Residents group hopes it's last call for Exchange District club where man was killed

People living in the Exchange District say Citizen Nightclub getting its licence suspended won't solve a bigger problem of an out-of-place venue in a changing neighbourhood

Liquor licence at Citizen Nightclub was suspended indefinitely after Nov. 2 shooting

Citizen Nightclub sits at the corner of Princess Street and Bannatyne Avenue. Jamshaid Wahabi, 23, was shot and killed at the club on Nov. 2. (Bartley Kives/CBC)

Homeowners in the Exchange District say suspending the liquor licence of a nightclub in the area that was the scene of a fatal shooting won't solve a long-term problem.

On Nov 2, Jamshaid Wahabi, 23, was shot and killed at Citizen Nightclub. On Nov. 8, the Manitoba Liquor, Gaming & Cannabis Authority suspended the club's licence, saying it was "necessary in the public interest."

But a representative from a residents group says a 500-person nightclub doesn't belong in the growing neighbourhood in the first place.

"It's a big nightclub, it's surrounded on three sides by residents, and there's constant problems. The police service has told us the number of calls here far exceed calls to other bars, and it's a problem," said John Giavedoni, who is the executive director of the Residents of the Exchange district — a group which has 300 members.

John Giavedoni, executive director of the Residents of the Exchange District, says the group has been working for two years with various officials to address concerns about violence from different clubs operating under different names in the same Exchange District spot. (Tyson Koschik/CBC)

The LGCA says because the club is part of an active police investigation, it will not comment further.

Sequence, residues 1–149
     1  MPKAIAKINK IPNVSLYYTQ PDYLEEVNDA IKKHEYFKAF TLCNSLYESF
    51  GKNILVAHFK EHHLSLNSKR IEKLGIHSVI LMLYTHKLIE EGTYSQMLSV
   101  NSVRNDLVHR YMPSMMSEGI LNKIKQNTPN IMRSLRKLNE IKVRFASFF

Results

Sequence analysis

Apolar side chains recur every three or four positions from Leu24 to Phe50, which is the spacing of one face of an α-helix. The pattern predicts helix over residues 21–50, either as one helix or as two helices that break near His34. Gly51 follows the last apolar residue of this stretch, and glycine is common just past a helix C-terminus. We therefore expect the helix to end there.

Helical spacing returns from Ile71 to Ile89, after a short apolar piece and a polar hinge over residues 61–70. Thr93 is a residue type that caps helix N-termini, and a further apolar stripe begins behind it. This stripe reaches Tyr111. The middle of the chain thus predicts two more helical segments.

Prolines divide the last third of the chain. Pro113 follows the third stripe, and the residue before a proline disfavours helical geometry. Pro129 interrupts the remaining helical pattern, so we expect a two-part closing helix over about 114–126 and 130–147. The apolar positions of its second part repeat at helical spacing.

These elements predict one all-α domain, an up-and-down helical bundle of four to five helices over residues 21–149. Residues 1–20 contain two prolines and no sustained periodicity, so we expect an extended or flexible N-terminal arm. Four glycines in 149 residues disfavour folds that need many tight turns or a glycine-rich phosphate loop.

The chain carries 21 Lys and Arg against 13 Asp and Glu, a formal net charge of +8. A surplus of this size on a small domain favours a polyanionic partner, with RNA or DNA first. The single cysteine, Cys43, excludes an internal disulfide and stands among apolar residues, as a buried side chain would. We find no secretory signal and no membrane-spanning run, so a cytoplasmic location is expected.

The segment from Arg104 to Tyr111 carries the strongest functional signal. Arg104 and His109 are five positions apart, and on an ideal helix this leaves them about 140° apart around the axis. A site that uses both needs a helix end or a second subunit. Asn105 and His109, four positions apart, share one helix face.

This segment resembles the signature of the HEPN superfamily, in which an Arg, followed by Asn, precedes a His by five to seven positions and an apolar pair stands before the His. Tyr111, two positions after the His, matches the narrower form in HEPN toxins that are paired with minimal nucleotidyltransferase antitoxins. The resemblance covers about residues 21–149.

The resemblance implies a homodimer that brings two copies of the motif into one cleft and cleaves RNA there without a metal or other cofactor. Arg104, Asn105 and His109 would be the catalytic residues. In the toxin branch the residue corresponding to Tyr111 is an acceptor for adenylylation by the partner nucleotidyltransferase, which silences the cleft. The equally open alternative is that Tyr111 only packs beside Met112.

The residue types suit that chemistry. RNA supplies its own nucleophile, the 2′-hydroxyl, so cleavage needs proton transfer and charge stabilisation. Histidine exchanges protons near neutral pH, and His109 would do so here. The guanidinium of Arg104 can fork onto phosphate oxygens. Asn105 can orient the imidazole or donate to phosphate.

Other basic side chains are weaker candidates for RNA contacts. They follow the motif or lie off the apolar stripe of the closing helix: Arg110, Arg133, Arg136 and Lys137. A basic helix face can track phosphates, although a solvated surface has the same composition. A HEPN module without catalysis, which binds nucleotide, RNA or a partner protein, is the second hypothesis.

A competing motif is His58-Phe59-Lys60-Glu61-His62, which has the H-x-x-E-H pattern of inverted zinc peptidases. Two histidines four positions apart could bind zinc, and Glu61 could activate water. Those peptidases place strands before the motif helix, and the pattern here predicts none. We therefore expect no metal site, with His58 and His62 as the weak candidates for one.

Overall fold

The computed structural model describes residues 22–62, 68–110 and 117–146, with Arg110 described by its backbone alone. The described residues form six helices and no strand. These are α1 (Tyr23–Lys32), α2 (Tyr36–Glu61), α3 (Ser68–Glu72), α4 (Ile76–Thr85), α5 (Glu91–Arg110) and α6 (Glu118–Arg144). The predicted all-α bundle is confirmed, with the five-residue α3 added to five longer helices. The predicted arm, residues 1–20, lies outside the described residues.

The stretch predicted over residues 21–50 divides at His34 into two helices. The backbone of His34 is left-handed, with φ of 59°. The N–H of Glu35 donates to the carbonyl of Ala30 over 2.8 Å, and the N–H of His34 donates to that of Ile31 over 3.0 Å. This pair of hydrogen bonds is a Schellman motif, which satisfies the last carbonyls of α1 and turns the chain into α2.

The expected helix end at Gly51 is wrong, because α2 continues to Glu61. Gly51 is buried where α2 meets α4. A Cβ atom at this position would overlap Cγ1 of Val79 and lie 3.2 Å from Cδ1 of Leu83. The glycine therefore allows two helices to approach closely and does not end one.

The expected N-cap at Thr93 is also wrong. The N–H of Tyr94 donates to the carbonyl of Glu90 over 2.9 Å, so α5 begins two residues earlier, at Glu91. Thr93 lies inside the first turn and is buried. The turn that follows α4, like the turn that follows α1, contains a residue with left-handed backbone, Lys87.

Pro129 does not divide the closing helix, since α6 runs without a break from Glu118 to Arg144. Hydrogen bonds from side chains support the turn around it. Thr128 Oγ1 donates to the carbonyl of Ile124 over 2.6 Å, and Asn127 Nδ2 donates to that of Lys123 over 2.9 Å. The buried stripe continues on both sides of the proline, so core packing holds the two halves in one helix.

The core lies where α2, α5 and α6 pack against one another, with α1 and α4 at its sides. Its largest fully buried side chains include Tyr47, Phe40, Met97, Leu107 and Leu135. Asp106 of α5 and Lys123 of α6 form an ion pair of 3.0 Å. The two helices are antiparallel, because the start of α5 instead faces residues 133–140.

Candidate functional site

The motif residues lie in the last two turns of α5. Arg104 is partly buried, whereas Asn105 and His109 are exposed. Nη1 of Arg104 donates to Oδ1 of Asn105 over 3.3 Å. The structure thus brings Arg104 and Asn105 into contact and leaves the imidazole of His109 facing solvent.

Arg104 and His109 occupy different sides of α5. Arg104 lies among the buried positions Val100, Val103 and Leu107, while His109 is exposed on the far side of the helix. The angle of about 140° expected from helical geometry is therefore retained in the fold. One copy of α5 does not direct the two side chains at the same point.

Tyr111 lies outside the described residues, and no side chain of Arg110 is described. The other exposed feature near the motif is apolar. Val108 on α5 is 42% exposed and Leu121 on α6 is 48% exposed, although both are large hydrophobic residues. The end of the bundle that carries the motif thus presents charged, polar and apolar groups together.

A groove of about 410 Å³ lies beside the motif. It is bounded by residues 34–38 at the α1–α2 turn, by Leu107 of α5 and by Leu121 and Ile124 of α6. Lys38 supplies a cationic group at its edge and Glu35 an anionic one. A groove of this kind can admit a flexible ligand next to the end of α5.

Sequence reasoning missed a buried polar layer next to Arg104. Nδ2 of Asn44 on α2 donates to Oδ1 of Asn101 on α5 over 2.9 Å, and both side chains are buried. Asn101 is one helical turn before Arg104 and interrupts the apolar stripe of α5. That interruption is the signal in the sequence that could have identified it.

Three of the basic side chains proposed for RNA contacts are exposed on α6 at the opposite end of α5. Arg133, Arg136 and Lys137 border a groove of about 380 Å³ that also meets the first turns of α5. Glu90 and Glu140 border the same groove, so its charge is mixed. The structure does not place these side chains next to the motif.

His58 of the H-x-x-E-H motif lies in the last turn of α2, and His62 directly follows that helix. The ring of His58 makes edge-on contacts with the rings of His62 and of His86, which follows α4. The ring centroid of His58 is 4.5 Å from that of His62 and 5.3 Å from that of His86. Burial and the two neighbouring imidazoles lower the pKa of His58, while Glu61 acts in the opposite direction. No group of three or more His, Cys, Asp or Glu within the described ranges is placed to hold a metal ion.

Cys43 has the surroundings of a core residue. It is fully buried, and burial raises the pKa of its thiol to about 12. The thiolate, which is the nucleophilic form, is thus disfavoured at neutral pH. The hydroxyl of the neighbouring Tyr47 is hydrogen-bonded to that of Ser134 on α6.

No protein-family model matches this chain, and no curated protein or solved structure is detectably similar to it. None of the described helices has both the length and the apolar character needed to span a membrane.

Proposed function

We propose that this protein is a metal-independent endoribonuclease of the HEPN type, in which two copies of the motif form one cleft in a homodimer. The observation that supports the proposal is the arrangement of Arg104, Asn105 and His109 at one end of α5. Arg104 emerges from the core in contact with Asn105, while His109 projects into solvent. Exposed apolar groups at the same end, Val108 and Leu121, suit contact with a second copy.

Deborah Zanke says she's lived in the area for 18 years, and says everyone feels safe — except for violent episodes spilling out from the nightclub, which has changed owners and names over the years.

In July 2018, a bouncer at the Citizen Nightclub was charged with stabbing patrons outside the venue.

"We had major concerns ongoing from that time, now we have another death. What is it going to take?" said Zanke, who runs her communications business from her condo above the Peasant Cookery restaurant, next door to Citizen on Bannatyne and King.

Both Zanke and Giavedoni say residents have been working with the LGCA, area city councillor Vivian Santos, police and the Exchange District Business Improvement Zone to come up with solutions.

Deborah Zanke is one of the 300 people who are part of the Residents of the Exchange District group. They say large-capacity nightclubs like Citizen, where a man was fatally shot on Nov. 2, no longer fit with the neighbourhood. (Tyson Koschik/CBC)

The group says rezoning may be an option, but it also says that regardless of who has owned the club, they believe it has often contravened a section of the Liquor, Gaming and Cannabis Control Act, which says "a licensee must not allow or permit disorderly persons to be in the licensed premises or in the immediate vicinity outside of the licensed premises."

"We're not against nightclubs, we're against nightclubs that are irresponsible and poor neighbours," said Giavedoni, who says patrons spill out into the streets when the club closes, and there are often fights and belligerent drunks yelling on the street.

"What we see happen is there is an incident and concerns have escalated that LGCA has put restrictions on the licence, ownership will change hands, but ostensibly the club is the same format and doing the same things," Zanke said.

Zanke says she has heard from a young family that is considering moving. They had moved in to the Fairchild Lofts just before the stabbing incident in July of 2018.

"They're contemplating whether they can stay in the neighbourhood any longer, and that is absolutely not what we want to hear," Zanke said.

It is not known when or if Citizen Nightclub will reopen. Management of the club did not reply when asked for comment from CBC News. 


Eleanor has more than 15 years of experience in television news as a producer, reporter, anchor and host. She has covered everything from politics to consumer trends but is most driven to find local stories that resonate or have an impact on the community. You can reach her at Twitter: @ECoopsammy